Russ Pennell prides himself on creating a family atmosphere on the teams he coaches.
But that also means family responsibilities.
“I love my daughters, but they know they have standards to meet if they want to stay in my good graces,” Pennell said Friday at his introductory news conference. “The reason I’m standing here is I have a college degree. If I really care for a kid, I need to make sure he gets one.”
Pennell, the new University of Central Arkansas men’s basketball coach, know he has taken over a program that has been the weakest academically in the athletic department with the issues reportedly getting serious.
“If you don’t go to class, you’re not gonna see the court; if you don’t turn in your assignments, you’re not gonna see the court. It’s really that simple,” Pennell said. “I know it’s easy to stand here and say this. But you have to back it up with action, and my players will understand this. If they are not willing to be held accountable for what they do, they won’t be with us.”
He said he learned about accountability as a young assistant coach.
“I got a call at 3 a.m. about a player in trouble at a local club, I decided I did not want that again,” he said. “There are good kids around the country you can find to come here. And we’re going to win games with good kids. But we’re not going to compromise our principles to do that.”
Pennell has coached under Eddie Sutton and Lute Olson, both of whom are among six coaches to have won 800 games. He played for Don Dyer, one of the most successful coaches in UCA history and the winningest coach at both UCA and Henderson State.
“What they all had in common was their attention to detail, and sometimes it doesn’t seem like the most important issue at the time,” he said. “For example, I don’t want players wearing anything to practice but UCA gear. I’ve seen players wear NBA gear at places. That tells me they want to be different, not part of the team.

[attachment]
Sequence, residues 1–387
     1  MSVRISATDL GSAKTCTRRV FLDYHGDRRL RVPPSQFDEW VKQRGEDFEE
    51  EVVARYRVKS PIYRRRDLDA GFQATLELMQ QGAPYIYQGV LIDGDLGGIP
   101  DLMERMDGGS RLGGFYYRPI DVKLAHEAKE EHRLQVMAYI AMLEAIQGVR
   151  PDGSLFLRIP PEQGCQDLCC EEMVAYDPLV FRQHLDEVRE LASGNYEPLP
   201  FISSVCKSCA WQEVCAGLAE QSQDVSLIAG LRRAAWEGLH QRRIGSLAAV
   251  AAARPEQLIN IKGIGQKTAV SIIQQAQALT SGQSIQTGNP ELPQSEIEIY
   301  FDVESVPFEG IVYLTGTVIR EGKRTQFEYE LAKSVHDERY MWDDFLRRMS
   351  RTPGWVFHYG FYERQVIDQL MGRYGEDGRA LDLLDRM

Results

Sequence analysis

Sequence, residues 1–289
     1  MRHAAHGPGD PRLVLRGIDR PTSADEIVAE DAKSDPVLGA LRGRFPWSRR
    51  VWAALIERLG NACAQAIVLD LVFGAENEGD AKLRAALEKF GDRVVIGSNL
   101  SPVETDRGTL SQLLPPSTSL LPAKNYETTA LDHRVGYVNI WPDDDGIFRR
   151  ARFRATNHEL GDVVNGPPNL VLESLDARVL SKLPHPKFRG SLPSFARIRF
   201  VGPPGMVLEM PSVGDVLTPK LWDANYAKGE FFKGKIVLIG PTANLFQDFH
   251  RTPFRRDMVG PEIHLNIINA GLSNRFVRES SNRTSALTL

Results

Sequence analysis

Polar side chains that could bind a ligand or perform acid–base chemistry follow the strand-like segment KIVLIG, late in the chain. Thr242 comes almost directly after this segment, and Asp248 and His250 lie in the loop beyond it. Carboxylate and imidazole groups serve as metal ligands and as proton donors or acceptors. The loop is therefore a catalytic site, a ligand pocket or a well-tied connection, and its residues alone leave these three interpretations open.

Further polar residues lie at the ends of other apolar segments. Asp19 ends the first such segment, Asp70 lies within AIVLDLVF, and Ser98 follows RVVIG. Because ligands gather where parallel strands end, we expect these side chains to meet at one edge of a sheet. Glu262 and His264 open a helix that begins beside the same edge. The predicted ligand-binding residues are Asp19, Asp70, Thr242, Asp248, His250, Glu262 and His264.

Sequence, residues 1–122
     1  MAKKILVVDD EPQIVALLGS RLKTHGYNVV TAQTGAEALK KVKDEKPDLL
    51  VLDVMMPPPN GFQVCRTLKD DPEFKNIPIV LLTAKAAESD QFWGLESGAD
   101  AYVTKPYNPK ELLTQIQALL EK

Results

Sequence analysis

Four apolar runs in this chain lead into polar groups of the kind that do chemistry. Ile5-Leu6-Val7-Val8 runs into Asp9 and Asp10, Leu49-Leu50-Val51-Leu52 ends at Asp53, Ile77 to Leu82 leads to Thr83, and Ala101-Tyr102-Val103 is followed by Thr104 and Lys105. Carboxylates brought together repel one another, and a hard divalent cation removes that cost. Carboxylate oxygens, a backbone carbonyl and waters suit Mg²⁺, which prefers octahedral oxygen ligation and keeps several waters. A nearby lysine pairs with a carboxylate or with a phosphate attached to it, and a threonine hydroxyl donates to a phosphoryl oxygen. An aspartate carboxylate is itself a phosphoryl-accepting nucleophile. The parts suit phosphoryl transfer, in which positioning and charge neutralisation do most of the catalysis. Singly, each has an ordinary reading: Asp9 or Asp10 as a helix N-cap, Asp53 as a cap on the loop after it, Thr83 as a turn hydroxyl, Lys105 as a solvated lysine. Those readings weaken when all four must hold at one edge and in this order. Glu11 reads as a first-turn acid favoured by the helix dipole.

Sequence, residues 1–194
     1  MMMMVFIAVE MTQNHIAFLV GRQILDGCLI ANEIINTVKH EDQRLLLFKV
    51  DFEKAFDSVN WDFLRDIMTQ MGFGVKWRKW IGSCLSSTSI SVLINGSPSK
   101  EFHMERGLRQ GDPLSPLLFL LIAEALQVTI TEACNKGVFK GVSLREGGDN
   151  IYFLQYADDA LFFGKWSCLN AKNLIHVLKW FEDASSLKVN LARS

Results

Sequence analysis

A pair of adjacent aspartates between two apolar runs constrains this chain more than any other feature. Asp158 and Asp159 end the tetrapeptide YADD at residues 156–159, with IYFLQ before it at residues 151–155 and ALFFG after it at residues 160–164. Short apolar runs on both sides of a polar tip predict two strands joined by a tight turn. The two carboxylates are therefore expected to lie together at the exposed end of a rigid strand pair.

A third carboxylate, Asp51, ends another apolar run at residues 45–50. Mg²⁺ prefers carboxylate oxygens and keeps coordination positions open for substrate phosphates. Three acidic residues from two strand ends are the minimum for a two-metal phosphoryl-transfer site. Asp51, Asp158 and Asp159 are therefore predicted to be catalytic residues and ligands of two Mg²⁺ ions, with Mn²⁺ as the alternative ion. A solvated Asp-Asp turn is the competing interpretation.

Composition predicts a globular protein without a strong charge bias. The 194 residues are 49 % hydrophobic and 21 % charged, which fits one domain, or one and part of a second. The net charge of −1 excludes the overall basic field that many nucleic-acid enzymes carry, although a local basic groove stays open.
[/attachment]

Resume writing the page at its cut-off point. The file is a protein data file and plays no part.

“All those coaches were also very competitive and they care about kids. They created a family environment and that’s what I want to do here.”
When Pennell served as an assistant to Eddie Sutton at Oklahoma State, the program was at a low ebb. When he joined Rob Evans’s staff at Ole Miss, the Rebels had not won 20 games since 1938. He went with Evans to Arizona State when it was recovering from a point-shaving scandal.
“If UCA was not successful in anything else, I would look at it differently,” he said. “But it has had success in everything but men’s basketball (no winning seasons in Division I and an average of eight victories a year). Because of the success and the direction it is going in other sports, there’s potential here.”
Dyer and former UCA assistant coach Tommy Reed both attended the news conference. In a question-and-answer session, Reed called the hire, “a home run, definitely a home run.”
Also attending the conference was former UCA player Robbie Davis, who often went against Pennell as point guards when they were teammates.
When Davis was asked if he every thought Pennell would become a coach.
“Not here,” he said with a smile.
From all indications, this one is a game-changer.
(Sports columnist David McCollum can be reached at 501-505-1235 or firstname.lastname@example.org or follow him on twitter @dmaclcd)